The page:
MILL CREEK — The Jackson volleyball team has been the toast of the Wesco 4A South for the past four seasons, winning every league championship in that span and placing at the state tournament each time, highlighted by a state championship in 2010.
The Timberwolves haven’t even lost a league match since their state championship season.
That dominance will be tested this season after the Timberwolves graduated several key pieces to last year’s third place team at state, including back-to-back all-area player of the year award winner Emmy Allen, who is playing at Washington State University. Also gone is second-team all-area outside hitter Miah Diirell and first-team all-area setter Haley MacDonald.
On top of the dominant group of seniors who graduated in 2012, the Timberwolves also lost the head coach who had led them for the past three seasons, Emmy’s sister Ashley Allen, who resigned her position to take an assistant coaching job at Nicholls State University in Louisiana.
But don’t feel too sorry for the perennial power, they do return all-area first-teamer Payton Locknane as well as senior middle blocker Hannah Hicks, who came on last season and contributed to the team’s state tournament run.
The Timberwolves also have a new coach, Mindy Staudinger, who replaces Allen after coaching the two seasons at Marysville Getchell.
“I’m really excited about it,” Staudinger said. “I’ve been around the game for quite a while and my experience at Getchell was quite different in starting a program from scratch. Coming into a program like Jackson is really exciting to me. These kids are driven and they have a lot of experience playing club which is a bonus, but they just have this commitment about them and their work ethic and everything that is really exciting to be around.”
With a new roster and a new coach also comes another change — a reformatted league. Instead of being split into a North and a South division as the Wesco 4A had been in the past, the leagues will be combined into one large division with the top eight teams making the postseason and only one league champion. Just another obstacle the Timberwolves will face in pursuit of a fifth straight league title.
The team that might have the best chance of unseeding Jackson at the top is Snohomish. The Panthers haven’t made it to state in two seasons, but with one of the best hitters in the state, senior Lanesha Reagan (see above), the Panthers are poised to give the rest of the conference all it can handle.
Two years ago injuries derailed the Panthers run to the state tournament and last year Tarin said chemistry issues played a role in the team’s elimination at districts.
He expects different results this season.
“This year, we are deeper than we have ever been,” Tarin said. “We are ready. We are stronger mentally. We put in a conditioning program that is making the girls mentally tough and physically tough, and they’re wanting it.”
If not Snohomish, Edmonds-Woodway could be the team to rise to the top. The Warriors have been overshadowed by Jackson and even Kamiak in recent years in the south division, but unlike Jackson, the Warriors return nearly everyone from last season.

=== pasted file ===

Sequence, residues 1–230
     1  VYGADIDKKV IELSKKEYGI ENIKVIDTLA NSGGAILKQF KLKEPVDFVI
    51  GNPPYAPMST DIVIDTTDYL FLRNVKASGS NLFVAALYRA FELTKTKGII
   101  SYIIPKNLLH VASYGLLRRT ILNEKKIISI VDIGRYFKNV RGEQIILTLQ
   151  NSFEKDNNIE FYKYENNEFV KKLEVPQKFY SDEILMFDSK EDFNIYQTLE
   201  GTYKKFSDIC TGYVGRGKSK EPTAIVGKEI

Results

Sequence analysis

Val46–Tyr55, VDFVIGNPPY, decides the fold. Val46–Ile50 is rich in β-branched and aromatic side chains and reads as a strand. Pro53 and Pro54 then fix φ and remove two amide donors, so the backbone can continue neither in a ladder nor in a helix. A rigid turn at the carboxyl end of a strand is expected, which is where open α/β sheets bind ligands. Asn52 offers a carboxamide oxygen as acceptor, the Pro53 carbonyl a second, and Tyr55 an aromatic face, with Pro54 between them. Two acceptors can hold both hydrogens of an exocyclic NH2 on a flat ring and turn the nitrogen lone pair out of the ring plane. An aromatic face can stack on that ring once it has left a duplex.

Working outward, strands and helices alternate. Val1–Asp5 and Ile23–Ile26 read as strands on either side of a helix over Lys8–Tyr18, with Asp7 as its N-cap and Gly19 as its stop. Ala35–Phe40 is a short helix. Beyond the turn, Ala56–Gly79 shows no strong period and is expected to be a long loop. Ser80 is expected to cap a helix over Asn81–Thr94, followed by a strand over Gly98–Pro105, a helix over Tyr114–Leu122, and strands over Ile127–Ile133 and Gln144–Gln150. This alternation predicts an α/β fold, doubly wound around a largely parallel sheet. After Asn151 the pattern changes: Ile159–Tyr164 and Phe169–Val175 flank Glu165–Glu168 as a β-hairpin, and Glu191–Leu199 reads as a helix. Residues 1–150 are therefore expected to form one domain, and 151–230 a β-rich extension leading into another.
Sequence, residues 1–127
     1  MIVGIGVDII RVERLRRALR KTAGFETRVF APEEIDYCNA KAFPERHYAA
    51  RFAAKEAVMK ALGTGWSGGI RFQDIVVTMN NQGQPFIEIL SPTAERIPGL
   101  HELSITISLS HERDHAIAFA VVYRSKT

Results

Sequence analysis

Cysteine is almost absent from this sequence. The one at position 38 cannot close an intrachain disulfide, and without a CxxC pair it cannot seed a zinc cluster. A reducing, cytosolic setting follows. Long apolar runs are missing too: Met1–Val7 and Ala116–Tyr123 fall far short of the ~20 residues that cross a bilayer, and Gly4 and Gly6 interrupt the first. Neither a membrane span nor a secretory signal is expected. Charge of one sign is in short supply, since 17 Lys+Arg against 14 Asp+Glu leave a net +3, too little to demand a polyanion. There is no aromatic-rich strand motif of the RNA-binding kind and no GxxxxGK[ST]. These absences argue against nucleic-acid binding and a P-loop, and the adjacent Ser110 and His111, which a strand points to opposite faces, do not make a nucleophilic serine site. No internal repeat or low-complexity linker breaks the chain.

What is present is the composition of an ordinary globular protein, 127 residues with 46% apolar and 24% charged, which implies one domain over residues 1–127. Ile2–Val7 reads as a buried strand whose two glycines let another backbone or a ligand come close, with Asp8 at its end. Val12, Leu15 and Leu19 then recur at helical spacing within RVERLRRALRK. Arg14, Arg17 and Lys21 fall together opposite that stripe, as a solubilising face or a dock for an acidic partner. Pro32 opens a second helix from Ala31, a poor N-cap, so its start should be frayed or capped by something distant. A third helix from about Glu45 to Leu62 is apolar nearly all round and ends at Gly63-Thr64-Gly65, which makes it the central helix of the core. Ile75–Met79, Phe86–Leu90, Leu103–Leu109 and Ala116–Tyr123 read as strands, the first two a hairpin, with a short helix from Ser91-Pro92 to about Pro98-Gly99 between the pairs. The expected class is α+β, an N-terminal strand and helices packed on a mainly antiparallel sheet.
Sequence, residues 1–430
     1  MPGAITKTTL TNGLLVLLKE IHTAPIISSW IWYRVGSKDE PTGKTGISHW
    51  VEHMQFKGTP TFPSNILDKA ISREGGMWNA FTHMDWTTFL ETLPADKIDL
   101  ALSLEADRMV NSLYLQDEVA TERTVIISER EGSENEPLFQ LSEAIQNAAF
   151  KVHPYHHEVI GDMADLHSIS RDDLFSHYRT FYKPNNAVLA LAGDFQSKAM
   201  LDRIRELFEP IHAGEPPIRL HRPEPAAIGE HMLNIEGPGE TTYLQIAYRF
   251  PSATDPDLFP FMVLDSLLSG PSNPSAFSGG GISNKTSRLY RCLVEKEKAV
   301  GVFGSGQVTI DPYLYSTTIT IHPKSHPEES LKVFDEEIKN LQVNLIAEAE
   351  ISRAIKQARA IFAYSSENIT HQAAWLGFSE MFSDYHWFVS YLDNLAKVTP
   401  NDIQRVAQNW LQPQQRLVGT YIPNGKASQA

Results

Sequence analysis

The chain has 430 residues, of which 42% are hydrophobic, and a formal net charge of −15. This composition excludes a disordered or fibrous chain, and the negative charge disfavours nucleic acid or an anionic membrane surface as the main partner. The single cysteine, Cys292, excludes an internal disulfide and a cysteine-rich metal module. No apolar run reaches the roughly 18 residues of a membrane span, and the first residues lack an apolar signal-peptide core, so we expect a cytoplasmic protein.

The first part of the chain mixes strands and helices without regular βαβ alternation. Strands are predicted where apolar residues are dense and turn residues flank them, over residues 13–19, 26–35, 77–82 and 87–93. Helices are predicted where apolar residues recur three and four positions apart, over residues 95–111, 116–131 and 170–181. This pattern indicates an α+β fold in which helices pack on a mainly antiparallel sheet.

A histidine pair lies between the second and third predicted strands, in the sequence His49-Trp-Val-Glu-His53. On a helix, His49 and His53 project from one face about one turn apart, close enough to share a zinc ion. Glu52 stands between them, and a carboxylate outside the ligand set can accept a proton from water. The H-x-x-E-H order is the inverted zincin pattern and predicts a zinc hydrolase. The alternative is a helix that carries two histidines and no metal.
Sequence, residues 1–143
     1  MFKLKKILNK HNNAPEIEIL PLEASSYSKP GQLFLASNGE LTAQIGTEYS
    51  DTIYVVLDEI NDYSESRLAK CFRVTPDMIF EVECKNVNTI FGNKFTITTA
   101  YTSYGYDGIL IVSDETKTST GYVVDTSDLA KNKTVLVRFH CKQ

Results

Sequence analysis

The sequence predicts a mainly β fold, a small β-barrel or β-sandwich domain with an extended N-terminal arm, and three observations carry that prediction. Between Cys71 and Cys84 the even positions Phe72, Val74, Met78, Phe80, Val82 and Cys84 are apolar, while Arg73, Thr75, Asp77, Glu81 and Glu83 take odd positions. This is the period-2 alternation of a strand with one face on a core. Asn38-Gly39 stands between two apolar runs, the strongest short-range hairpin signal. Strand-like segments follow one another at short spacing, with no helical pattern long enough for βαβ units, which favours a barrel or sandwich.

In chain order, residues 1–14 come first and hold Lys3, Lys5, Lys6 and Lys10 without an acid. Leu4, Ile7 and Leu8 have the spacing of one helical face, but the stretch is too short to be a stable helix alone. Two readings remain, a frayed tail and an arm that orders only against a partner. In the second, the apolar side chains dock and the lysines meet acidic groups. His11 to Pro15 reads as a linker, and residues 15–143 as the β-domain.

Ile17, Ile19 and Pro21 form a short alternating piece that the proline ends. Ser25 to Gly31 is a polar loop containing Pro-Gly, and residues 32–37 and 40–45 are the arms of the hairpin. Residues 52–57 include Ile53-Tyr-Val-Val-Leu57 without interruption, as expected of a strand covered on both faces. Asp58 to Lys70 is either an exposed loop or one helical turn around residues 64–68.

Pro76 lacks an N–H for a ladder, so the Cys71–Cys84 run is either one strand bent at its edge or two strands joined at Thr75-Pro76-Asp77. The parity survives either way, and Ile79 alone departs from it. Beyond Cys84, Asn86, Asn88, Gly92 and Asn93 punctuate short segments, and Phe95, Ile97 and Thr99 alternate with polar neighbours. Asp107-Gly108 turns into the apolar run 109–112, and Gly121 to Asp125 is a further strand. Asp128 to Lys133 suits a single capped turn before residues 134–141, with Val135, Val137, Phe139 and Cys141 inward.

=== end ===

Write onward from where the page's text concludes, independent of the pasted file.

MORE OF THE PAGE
An experienced group of veterans should make Edmonds-Woodway one of the favorites this season.
“They know each other very well on and off the court which I think will be a strength for us and help us out this season,” Warriors head coach Nicole Bordeaux said.
Bordeaux doesn’t expect the Warriors to step into a role of dominance like the Timberwolves have the past several seasons, but she does expect her team will compete with the best teams in the conference.
“I just think we’ve been that team that everyone just kind of passes by the last couple of years,” Bordeaux said. “I do think we are going to be a lot stronger and I think teams will be surprised by our level of play this year.”
The same could be said for Kamiak, Lake Stevens and Monroe, all teams that should also be competitive in league play.
And of course, don’t sleep on Jackson.
“Jackson had a great team and I’m sure they will be great again,” Bordeaux said. “They do have some great players coming back.”
The coach might be different, but Staudinger said she doesn’t expect much to change.
“Ashley and I aren’t the same person, obviously,” Staudinger said. “We come from the same stock and the same background and a lot of our philosophies carry over. The transition for this team is very minimal. The traditions that have been set we plan on continuing and keep moving forward not only looking for individual wins each season, but building a program that has longevity year after year. I can see that happening.”
However, the previous four Timberwolves teams have raised the bar, placing eighth, first, fourth and third at state in respective seasons.
“I guess I would be foolish to say I don’t feel a little bit (of pressure),” Staudinger said. “The expectations are pretty high. I feel based on our practices and how we have prepared that we are going to do very well in the conference. I expect us to be at the very top of it.”
The difference is, other teams now realistically have that same expectation.
“I think other teams might agree that you went into playing Jackson in the past already defeated,” Bordeaux said. “You don’t come across that many teams in the state that have that many successful, great players. Now, it’s an open opportunity. You don’t go into the game knowing anything, you just go to play, which is as a coach what you would hope for every game. Every team has a fair chance mentally before they get there.”
Aaron Lommers covers prep sports for The Herald. Follow him on twitter @aaronlommers and contact him at email@example.com.